Title: From the Dark to the Dawn: A Tale of Ancient Rome
Author: Alicia A. Willis
Major Themes: Early Church, Ancient Rome
Synopsis: Captured in battle and taken to Rome as a slave, the Briton Philip will not submit to his owner until he has an encounter with Christians and his life is dramatically changed.
When I came across From the Dark to the Dawn, I anticipated a great read. I read a few other books by Alicia Willis earlier this year, and thoroughly enjoyed them, and the way this book started out sounded great. She talked about how much research she had done, and I was quickly drawn into the story and inspired by Philip’s example of forgiveness and trusting in God when things were very hard. Then, I found myself quite disappointed.
Philip couldn’t believe what was happening. His people, the Iceni, were being slaughtered by the Romans their queen, Boudicca, had confidently led them against in battle. This was not supposed to happen! The next thing he knew, he and his father were captured and taken to Rome to be sold on the slave market. Marcus bought both of them, but Philip was determined not to submit. After being flogged, however, he found himself hiding in a bakery—and couldn’t believe his ears when Daniel told him about Christianity. Disgusted at first, he soon found himself strangely drawn to the new teachings.
Philip and his father, after becoming Christians, were soon embroiled in a battle of wills. The love, peace and forgiveness of Christ was pitted against the decadence of Marcus’s life as a rich Roman, and his worship of all the Roman gods. Who would win? The consequences of the struggle were horrific, but the results glorious!
From the Dark to the Dawn does an excellent job of making us feel what it was like to live with the threat of persecution hanging over the heads of the Christians in Rome during the reign of Nero. The examples of forgiveness after terrible crimes were committed was wonderful. However, I know from history that a Christian at that time would not have joined the Roman army and made a career as a Praetorian guard, as Marcus did. Yes, there were soldiers among the Christians, but it was men who had become believers after becoming a soldier. The early Christians took very seriously the words of Jesus to do harm to no man, to turn the other cheek. This was not the attitude of Marcus, even years after conversion. Also, at one point a Christian girl says, “I swear by all we hold sacred I am telling you the truth.” We know from history that the early Christians took very literally the words of Jesus when he said, “Swear not at all.” In another place, someone lies several times to turn the City Guard away from a gathering of Christians. Based on my understanding of the early Christian writings, this would not have happened, either. Because of these things, I can’t recommend this book, even though it gives such a vivid picture of life in ancient Rome. For the most part, the research used to write the story is solid—but the input of the early Christian writers was left out.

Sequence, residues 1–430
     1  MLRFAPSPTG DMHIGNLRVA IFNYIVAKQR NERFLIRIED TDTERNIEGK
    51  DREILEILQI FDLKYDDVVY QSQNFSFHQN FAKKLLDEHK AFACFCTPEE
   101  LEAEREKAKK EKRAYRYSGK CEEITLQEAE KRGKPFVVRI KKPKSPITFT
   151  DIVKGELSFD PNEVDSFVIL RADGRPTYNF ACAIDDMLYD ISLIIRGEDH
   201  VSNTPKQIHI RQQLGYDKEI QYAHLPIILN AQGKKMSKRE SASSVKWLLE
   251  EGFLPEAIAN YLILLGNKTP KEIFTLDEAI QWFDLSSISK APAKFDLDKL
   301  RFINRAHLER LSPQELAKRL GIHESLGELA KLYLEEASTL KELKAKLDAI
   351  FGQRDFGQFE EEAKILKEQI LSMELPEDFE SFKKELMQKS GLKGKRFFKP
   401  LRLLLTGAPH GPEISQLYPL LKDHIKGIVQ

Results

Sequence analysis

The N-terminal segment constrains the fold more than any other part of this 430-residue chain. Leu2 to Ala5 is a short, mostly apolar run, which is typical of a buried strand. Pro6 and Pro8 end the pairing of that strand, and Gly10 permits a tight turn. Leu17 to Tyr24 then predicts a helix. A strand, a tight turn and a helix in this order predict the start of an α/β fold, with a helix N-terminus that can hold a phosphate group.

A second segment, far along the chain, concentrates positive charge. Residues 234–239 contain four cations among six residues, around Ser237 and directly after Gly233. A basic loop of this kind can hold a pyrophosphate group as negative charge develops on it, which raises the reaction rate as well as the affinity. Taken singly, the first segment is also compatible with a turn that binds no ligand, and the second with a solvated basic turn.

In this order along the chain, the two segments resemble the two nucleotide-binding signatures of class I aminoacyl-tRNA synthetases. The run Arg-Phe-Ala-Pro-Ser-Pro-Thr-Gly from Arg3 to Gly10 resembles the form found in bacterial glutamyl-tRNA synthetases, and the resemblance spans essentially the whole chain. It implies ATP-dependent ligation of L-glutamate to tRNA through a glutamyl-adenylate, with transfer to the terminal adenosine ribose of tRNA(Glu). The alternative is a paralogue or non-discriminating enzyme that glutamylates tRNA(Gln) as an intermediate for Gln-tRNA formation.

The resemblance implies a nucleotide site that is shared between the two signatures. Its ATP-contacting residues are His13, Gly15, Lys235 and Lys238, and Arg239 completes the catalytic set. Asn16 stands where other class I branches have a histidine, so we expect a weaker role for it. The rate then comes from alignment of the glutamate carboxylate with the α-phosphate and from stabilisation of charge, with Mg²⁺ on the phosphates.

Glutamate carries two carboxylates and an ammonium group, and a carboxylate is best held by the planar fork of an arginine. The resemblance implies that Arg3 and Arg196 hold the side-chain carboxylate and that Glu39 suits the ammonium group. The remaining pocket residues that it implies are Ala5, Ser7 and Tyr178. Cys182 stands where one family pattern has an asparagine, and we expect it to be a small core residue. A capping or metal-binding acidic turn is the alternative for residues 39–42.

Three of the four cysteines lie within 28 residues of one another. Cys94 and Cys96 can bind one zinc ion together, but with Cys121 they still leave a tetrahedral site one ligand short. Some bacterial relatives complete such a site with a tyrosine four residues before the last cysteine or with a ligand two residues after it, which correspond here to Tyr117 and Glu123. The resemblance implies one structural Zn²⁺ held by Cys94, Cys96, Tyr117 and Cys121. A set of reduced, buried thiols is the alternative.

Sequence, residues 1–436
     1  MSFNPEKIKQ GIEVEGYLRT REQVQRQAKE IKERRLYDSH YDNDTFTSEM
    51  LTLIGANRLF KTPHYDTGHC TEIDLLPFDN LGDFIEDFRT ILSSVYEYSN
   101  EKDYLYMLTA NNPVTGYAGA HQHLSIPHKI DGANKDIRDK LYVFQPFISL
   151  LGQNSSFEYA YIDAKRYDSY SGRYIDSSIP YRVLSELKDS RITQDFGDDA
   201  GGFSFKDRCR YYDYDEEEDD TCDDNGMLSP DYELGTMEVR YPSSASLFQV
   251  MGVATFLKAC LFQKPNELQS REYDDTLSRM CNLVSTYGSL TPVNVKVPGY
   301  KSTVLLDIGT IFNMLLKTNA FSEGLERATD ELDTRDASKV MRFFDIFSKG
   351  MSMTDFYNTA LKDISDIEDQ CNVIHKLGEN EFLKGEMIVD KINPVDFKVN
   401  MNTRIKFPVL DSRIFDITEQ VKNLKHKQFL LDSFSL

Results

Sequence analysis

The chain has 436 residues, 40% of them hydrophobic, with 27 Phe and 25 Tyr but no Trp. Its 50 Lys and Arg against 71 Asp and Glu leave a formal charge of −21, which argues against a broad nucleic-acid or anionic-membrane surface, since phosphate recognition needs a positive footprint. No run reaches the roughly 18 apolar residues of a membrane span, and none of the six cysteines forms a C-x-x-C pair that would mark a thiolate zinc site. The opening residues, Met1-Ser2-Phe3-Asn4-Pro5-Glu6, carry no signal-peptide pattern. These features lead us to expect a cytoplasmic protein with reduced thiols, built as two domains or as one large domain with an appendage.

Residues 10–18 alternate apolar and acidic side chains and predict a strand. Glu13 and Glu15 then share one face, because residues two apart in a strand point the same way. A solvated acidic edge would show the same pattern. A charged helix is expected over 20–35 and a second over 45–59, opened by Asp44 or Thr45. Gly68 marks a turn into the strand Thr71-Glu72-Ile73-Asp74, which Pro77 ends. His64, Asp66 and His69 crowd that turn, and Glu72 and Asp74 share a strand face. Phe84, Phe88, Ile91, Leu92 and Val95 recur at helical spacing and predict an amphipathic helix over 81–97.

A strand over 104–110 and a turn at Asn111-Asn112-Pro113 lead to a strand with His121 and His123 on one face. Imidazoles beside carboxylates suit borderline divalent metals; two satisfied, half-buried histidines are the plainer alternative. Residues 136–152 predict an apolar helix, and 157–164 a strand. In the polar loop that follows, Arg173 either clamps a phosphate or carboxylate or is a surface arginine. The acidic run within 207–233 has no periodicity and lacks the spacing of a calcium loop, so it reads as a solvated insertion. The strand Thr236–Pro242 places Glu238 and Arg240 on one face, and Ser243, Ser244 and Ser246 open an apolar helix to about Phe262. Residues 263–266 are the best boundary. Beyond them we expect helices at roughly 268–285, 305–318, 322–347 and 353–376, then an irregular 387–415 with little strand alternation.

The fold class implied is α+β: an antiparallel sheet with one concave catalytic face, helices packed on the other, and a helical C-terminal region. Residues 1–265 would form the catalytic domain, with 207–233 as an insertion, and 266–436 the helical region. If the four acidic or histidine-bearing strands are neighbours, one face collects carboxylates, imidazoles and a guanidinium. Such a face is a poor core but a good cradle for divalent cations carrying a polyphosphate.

WARNING: Frequently, non-Christians swear by various gods. Also, see the last paragraph. A few times during the story, someone is whipped to death, once a man is stabbed, and the use of slave girls for men’s pleasure is alluded to at times.